Wonder how much of John Minor Maury's wild story reached Herman Melville by way of younger brother Matthew Fontaine Maury, in yarns shared with MFF's shipmate Thomas Wilson Melville?

Matthew Fontaine Maury
Image Credit: Ocean Motion
Later: In 1859 Matthew Fontaine Maury was still telling tales about his older brother John Minor Maury at Nuku Hiva. Traveling with Nathaniel Parker Willis, MFF revealed that John Minor Maury had been tempted to remain on the island by the offer of "a princess for a wife." Willis got it all wrong in The Home Journal, as Patricia Jahns explains:
Commander Maury told of his brother John Minor s adventures on Nukahiva and how the old native king had offered him a princess for a wife if he'd stay there. Among his hearers was N. P. Willis, one of the fashionable writers of the day and a close member of the Paulding circle. His recollection of the events recounted by Maury left something to be desired on the score of accuracy. The Home Journal, over his signature, carried a lengthy description of the sedate Commander Maury s marriage, while a young sailor, to a princess of the Sandwich Islands. Maury had to laugh harder than anyone else or he never would have lived it down. The apology he requested was not for himself, he said, but for the princess, who was a most respectable lady. Willis, obviously fearing a libel suit, wrote Maury a letter so fulsome in its praises as to be ludicrous. He also added, well aware of Maury's troubles, that he had secretly vowed his pen to Maury s cause. But the damage was done, and Maury s name no longer looked so brilliant to the public. --Matthew Fontaine Maury and Joseph Henry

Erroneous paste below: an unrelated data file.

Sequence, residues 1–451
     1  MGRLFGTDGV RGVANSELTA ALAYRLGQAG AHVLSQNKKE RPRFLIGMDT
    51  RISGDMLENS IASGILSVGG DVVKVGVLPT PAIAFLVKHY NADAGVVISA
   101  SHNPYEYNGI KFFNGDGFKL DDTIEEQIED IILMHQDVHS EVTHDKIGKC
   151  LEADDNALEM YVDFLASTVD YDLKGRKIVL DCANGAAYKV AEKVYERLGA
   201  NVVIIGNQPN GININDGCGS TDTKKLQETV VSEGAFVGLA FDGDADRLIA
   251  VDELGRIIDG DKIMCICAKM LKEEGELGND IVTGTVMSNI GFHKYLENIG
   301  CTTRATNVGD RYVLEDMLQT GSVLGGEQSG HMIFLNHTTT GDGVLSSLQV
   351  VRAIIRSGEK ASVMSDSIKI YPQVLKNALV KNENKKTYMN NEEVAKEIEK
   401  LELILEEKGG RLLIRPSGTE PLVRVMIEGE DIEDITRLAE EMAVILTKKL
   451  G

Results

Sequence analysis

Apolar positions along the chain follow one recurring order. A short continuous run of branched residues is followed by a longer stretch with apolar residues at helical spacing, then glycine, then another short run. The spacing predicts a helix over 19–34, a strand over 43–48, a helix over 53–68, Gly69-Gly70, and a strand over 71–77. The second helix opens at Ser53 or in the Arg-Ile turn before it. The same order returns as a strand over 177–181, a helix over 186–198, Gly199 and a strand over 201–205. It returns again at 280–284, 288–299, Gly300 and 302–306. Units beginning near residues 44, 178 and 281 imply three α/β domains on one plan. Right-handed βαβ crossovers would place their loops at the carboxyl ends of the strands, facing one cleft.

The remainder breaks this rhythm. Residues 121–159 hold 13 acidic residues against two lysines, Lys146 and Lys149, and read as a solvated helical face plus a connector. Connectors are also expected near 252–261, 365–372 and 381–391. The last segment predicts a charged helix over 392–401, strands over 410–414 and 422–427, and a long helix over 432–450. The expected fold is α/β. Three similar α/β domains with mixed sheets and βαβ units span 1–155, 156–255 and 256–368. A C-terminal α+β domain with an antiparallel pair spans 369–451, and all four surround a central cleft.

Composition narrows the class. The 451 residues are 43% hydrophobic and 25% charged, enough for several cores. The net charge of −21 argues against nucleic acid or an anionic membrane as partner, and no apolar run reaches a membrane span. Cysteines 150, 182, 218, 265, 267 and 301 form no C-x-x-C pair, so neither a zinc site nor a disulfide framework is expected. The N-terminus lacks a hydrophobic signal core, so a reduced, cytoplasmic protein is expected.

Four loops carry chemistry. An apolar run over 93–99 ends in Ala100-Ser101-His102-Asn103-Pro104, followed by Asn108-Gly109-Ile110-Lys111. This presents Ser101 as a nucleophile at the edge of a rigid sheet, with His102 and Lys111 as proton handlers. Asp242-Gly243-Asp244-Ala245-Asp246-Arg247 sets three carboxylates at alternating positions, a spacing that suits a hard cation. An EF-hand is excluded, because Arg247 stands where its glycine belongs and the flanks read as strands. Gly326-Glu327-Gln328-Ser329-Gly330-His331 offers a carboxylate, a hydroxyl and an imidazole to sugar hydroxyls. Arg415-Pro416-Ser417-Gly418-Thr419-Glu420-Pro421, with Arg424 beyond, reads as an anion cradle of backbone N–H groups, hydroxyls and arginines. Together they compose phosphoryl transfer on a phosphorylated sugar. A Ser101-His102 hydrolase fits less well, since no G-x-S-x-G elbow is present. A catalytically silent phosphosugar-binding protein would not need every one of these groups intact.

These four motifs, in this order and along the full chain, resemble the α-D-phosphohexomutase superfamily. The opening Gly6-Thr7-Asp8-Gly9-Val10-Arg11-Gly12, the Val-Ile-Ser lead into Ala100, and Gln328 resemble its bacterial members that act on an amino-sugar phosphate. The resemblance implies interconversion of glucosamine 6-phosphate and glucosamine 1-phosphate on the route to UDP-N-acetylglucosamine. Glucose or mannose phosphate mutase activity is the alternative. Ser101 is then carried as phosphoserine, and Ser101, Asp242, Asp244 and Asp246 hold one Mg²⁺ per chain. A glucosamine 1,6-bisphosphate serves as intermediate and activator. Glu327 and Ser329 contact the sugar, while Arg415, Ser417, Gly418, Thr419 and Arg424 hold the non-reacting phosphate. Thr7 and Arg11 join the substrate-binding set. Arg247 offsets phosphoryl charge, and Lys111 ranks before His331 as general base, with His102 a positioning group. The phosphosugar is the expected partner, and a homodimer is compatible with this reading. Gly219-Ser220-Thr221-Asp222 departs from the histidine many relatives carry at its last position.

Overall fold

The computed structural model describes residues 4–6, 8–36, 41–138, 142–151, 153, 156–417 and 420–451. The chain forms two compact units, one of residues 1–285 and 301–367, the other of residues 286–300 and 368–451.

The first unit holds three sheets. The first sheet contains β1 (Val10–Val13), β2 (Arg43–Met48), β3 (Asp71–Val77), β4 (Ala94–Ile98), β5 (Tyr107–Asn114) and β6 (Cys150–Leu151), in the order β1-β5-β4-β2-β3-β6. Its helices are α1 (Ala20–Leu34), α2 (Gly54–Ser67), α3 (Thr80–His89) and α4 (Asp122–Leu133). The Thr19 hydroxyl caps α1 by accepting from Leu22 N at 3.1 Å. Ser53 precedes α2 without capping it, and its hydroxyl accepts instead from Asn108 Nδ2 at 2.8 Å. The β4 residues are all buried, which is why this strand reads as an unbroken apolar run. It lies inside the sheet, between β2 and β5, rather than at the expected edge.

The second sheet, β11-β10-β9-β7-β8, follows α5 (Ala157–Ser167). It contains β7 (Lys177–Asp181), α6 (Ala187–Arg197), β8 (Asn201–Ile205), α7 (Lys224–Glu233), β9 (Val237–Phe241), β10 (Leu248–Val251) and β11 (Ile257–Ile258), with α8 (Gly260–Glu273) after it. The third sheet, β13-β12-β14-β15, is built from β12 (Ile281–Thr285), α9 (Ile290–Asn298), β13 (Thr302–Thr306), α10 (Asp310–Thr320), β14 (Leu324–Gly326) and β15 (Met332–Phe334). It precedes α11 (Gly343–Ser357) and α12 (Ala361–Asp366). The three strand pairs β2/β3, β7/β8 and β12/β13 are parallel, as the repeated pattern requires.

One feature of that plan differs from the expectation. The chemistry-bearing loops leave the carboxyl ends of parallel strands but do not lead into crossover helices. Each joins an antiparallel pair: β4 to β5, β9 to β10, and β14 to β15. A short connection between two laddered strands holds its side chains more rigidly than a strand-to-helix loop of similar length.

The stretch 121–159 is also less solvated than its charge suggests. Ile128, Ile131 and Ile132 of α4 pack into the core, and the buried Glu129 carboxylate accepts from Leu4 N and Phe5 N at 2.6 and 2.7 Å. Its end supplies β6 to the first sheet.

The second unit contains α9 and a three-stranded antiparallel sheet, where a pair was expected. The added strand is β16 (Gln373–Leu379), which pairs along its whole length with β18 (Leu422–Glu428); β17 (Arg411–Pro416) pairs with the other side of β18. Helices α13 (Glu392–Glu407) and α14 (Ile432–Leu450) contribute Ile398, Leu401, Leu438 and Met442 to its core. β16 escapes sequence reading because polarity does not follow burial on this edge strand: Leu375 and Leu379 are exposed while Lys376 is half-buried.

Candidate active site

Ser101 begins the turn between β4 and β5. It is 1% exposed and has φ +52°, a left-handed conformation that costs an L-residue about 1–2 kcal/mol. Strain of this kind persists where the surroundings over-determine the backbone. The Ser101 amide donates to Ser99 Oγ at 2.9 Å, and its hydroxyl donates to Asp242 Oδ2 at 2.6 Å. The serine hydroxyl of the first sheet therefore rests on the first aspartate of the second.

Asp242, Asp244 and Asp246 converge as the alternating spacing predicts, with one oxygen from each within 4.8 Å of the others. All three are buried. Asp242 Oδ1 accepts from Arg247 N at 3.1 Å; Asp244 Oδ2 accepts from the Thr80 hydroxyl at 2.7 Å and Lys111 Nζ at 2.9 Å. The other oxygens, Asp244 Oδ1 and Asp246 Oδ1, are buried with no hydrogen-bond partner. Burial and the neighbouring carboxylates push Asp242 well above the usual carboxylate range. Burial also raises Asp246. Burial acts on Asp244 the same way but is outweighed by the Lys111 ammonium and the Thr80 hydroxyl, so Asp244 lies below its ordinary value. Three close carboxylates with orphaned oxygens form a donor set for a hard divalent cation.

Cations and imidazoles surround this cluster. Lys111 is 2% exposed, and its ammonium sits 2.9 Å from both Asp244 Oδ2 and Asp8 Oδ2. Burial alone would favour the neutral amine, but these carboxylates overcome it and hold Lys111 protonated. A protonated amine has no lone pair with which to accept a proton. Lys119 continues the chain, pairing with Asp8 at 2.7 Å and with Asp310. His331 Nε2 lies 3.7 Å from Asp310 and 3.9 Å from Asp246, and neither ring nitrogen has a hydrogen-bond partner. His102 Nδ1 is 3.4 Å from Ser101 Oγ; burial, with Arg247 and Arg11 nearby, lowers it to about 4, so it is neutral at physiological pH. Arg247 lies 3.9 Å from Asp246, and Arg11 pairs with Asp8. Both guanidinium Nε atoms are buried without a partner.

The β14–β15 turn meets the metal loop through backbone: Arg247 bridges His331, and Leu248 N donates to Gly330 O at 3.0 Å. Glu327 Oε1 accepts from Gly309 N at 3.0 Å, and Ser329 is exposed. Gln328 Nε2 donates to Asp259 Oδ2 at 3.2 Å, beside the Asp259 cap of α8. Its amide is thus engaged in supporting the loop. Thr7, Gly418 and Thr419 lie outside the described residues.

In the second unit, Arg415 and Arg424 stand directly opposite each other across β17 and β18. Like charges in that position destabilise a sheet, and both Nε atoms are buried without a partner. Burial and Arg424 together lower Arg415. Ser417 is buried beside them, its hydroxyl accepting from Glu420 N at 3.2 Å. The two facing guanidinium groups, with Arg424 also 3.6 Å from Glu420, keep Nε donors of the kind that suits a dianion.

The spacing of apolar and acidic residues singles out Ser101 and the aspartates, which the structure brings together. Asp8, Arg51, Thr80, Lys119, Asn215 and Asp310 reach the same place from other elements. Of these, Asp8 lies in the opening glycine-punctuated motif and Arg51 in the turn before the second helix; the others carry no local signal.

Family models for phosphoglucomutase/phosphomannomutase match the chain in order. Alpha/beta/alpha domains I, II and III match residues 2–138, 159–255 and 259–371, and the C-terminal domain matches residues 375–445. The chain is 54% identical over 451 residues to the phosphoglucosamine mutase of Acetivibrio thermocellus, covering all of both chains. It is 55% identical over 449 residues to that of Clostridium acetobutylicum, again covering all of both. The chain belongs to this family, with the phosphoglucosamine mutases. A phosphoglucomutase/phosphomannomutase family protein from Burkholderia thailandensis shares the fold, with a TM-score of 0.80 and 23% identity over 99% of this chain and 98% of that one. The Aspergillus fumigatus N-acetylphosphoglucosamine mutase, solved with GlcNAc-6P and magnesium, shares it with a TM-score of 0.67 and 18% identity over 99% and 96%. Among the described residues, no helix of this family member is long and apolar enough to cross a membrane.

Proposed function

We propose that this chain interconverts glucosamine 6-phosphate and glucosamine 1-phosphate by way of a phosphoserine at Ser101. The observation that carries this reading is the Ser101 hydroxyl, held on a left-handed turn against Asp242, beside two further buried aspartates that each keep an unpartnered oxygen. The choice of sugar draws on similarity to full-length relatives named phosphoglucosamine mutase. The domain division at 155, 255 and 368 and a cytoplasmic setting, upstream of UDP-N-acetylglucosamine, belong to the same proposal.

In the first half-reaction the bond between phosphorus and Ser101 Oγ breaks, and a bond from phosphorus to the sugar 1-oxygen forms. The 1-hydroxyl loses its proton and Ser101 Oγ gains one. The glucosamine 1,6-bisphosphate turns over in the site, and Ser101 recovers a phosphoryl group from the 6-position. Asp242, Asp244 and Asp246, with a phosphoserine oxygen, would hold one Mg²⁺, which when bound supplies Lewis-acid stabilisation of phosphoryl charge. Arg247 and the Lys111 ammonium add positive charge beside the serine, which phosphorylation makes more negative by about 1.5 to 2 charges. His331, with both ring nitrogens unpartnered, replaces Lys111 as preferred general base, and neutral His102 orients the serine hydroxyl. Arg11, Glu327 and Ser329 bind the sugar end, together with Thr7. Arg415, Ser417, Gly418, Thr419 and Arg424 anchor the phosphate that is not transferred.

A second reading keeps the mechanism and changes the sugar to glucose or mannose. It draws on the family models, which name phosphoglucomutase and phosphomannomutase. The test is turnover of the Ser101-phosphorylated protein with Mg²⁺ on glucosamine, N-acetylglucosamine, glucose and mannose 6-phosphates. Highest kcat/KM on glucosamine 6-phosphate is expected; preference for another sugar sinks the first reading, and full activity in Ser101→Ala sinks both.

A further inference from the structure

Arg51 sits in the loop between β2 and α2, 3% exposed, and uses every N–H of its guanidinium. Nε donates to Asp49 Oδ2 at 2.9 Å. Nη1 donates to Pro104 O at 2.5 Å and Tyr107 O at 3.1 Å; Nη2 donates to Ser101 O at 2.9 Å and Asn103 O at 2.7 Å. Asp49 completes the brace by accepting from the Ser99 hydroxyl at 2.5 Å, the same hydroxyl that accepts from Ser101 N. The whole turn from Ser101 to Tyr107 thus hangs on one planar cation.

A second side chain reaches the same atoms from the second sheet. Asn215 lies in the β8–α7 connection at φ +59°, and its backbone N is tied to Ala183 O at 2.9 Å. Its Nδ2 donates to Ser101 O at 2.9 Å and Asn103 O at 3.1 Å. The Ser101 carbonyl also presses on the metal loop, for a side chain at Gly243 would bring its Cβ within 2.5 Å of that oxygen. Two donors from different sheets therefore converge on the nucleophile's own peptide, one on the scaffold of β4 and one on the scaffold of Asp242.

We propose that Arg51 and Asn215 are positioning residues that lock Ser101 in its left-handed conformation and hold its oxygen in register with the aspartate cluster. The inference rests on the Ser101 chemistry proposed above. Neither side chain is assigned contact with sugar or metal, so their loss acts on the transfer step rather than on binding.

Thursday, July 24, 2014

Father Mapple's Hymn in the Philadelphia Inquirer

Temple de Lyon, Nommé paradis / Jean Perrissin, 1564
Image Credit: Chrétiens et Sociétés XVIe-XXIe siècles
Under the headline "Father Mapple" the Philadelphia Inquirer on November 22, 1851 published a long passage combining segments from chapters 8 and 9 of The Whale.

The Inquirer took this excerpt on Father Mapple from Moby-Dick (the London edition, titled The Whale), reprinting the text of the British edition from "I had not been seated very long . . ." to "Beloved shipmates, clinch the last verse of the first chapter of Jonah, 'and God had prepared a great fish to swallow up Jonah.' "

Seamen's Bethel
Photo: Trip Advisor
. . . like most old-fashioned pulpits, it was a very lofty one. . . .